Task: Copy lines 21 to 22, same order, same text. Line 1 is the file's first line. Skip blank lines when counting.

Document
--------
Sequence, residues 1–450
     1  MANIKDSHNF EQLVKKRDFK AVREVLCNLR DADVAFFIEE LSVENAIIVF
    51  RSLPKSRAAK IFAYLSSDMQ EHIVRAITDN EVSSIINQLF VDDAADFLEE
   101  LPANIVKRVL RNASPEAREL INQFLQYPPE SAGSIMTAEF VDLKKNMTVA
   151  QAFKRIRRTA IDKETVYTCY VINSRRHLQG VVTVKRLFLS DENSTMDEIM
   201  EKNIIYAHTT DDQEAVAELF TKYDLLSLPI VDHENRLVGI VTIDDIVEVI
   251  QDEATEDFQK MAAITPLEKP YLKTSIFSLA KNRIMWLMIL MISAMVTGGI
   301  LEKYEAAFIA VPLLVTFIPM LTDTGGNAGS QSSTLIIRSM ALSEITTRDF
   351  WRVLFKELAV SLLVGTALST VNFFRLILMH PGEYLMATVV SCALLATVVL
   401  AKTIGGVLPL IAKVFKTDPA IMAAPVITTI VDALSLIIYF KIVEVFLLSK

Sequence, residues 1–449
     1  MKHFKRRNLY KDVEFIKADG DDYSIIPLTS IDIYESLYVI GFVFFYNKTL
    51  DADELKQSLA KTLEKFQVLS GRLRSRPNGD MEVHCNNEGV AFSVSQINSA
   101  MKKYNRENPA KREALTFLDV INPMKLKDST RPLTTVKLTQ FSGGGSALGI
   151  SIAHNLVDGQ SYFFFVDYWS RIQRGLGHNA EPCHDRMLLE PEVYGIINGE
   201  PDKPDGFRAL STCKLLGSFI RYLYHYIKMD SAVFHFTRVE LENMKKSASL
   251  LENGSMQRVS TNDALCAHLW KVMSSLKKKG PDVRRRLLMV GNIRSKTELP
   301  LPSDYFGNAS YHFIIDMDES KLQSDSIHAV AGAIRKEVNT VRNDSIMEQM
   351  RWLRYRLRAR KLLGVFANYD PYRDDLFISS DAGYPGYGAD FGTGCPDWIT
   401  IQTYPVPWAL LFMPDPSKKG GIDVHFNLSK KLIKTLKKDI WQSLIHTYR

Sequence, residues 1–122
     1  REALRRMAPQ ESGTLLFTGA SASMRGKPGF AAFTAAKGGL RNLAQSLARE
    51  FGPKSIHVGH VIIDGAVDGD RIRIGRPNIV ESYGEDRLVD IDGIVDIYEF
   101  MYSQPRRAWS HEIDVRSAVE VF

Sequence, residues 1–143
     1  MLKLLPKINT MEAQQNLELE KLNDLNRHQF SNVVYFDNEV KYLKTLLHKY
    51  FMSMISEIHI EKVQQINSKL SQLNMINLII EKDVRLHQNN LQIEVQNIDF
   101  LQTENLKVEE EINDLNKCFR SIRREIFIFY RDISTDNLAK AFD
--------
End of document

Sequence, residues 1–122
     1  REALRRMAPQ ESGTLLFTGA SASMRGKPGF AAFTAAKGGL RNLAQSLARE